5.4 shows how, over the last decade, the ornamental horticulture in Flanders (representing 90% of the Belgian production) combined a strong decline in number of firms with a steady growth in turnover.
The decreasing number of firms in the sector and the strong traditional features as were described before, lead to a number of additional demographic characteristics of the Belgian ornamental horticultural sector. Table 5.8 shows the high average age of ownermanagers, the small general firm size and the low level of education of owner-managers and employees. Three things can be learned from this table. First, half of the owner-managers in the sector is over fifty years of age. This suggests a very high level of experience, yet also a very high level of potential inertia. The influx of new firms or the acquiescence of firms either within or from outside the family is very low. Both the increased financial capital requirements and the bad reputation of the agricultural sector as an unprofitable sector have deterred many young people from considering a career in ornamental horticulture. As a result, the remainder of owner-managers are members of an aging population, but are also stalling structural renewal and investments in the future. Unfortunately, this also has a negative impact on the general morale in the sector. Due to the increased competition and the low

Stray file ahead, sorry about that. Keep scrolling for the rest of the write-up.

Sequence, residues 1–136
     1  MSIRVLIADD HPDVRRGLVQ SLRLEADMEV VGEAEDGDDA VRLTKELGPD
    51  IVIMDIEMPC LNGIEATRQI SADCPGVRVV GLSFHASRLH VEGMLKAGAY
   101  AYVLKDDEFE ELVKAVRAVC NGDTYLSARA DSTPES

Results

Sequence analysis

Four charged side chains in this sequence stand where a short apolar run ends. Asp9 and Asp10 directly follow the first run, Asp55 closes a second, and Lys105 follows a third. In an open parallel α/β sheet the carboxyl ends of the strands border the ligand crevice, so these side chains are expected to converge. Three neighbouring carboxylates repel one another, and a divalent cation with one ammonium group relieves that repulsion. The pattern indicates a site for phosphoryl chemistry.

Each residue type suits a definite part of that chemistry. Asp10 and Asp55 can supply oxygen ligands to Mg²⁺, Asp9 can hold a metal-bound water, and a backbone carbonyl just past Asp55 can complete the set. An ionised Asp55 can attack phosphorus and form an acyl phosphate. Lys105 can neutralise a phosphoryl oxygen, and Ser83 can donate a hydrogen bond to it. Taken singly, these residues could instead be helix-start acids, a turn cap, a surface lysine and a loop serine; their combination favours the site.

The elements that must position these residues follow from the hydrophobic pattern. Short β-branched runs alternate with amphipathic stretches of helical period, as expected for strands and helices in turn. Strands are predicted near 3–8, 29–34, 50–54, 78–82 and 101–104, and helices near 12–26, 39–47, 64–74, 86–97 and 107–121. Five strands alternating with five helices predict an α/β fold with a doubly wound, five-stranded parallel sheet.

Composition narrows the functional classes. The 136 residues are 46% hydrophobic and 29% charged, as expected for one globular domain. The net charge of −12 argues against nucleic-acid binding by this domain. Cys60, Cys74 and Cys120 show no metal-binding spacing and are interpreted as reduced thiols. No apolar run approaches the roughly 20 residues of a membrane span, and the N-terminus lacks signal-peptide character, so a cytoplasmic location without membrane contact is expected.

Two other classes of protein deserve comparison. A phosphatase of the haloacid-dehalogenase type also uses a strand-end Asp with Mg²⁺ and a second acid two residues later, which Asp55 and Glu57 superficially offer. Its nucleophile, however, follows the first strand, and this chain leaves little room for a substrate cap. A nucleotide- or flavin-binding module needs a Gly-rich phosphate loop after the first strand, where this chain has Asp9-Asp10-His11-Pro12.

investment in the future, the remaining owner-managers look back on the times when life was easier for them and hope that they will be able to survive with their firm until retirement.
Table 5.8 - Demographic data on ornamental horticulture firms in 2006.
Source: AMS, APS
“About 60 to 70 % of growers have a rough time these days. Those that have been able to save enough for their pension rather prefer to retire in the current conditions.